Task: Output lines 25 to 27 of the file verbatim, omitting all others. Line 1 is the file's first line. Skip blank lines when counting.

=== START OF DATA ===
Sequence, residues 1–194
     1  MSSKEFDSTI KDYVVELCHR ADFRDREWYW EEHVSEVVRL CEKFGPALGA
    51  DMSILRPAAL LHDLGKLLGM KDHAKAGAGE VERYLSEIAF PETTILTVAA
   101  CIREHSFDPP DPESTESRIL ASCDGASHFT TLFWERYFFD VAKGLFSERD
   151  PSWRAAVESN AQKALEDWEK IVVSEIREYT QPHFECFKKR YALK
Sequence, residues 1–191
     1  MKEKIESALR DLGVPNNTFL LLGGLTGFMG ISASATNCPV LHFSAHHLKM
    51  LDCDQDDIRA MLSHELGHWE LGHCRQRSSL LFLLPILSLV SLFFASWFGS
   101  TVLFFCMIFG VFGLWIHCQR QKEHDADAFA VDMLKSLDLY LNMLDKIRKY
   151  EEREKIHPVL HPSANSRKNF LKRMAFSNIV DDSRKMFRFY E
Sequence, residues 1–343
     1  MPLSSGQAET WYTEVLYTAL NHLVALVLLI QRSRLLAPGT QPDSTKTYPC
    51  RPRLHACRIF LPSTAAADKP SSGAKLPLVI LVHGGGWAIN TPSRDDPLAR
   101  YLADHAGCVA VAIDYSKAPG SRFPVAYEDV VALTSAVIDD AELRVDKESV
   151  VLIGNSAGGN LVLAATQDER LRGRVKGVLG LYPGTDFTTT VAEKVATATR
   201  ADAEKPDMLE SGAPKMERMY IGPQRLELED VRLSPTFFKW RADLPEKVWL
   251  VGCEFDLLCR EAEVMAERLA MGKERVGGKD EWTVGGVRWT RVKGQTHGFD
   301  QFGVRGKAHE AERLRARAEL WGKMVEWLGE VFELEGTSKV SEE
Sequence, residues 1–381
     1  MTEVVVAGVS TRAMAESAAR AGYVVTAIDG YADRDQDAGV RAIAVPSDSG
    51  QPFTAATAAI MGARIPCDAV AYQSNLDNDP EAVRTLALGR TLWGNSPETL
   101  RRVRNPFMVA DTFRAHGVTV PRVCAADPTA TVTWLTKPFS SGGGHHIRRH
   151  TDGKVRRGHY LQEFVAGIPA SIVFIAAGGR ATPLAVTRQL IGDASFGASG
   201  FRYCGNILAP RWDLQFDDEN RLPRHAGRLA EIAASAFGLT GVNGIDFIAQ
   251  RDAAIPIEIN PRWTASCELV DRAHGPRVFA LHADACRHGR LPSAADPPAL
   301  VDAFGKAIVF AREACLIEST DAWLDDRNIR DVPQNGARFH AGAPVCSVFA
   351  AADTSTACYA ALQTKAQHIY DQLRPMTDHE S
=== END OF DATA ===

   251  RDAAIPIEIN PRWTASCELV DRAHGPRVFA LHADACRHGR LPSAADPPAL
   301  VDAFGKAIVF AREACLIEST DAWLDDRNIR DVPQNGARFH AGAPVCSVFA
   351  AADTSTACYA ALQTKAQHIY DQLRPMTDHE S